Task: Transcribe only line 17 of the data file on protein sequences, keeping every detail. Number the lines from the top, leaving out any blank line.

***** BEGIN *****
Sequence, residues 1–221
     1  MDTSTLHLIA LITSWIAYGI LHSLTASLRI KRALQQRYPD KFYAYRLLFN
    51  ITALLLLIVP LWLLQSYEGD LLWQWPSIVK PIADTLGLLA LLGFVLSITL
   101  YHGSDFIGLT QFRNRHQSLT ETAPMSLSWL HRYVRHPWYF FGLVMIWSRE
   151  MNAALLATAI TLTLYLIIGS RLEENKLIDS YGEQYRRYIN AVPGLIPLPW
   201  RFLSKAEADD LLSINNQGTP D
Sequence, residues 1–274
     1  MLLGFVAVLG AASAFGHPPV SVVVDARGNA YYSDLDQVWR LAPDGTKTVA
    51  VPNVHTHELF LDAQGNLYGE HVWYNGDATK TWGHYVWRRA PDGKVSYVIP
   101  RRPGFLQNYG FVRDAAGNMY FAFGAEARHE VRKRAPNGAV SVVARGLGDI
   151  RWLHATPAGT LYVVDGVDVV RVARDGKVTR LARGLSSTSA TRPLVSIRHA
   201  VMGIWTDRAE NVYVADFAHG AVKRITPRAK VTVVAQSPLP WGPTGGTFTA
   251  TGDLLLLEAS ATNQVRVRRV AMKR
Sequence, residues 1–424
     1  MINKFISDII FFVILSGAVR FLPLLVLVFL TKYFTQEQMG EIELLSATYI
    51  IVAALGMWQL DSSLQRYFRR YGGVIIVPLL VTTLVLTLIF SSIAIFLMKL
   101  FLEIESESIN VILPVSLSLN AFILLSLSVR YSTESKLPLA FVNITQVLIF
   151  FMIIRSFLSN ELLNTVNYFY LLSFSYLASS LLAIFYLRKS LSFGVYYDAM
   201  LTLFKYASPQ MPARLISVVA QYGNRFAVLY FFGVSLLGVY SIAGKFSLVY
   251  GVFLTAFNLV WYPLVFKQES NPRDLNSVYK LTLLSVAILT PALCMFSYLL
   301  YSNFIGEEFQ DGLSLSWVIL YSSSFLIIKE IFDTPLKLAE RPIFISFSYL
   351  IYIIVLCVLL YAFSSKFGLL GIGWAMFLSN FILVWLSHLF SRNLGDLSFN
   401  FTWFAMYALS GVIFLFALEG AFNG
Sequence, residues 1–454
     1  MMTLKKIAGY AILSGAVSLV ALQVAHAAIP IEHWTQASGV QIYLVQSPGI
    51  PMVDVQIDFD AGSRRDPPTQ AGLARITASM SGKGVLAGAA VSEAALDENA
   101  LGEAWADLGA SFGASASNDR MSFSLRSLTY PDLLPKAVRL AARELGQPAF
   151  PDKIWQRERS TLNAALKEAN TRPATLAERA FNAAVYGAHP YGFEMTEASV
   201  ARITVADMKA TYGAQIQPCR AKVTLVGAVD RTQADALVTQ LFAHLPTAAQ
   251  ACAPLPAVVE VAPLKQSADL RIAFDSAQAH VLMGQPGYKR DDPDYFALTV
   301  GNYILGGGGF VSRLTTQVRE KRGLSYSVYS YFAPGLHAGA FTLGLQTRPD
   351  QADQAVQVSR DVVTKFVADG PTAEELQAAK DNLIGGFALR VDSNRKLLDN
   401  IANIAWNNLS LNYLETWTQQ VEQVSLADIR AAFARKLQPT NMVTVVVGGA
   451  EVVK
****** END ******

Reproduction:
   101  FLEIESESIN VILPVSLSLN AFILLSLSVR YSTESKLPLA FVNITQVLIF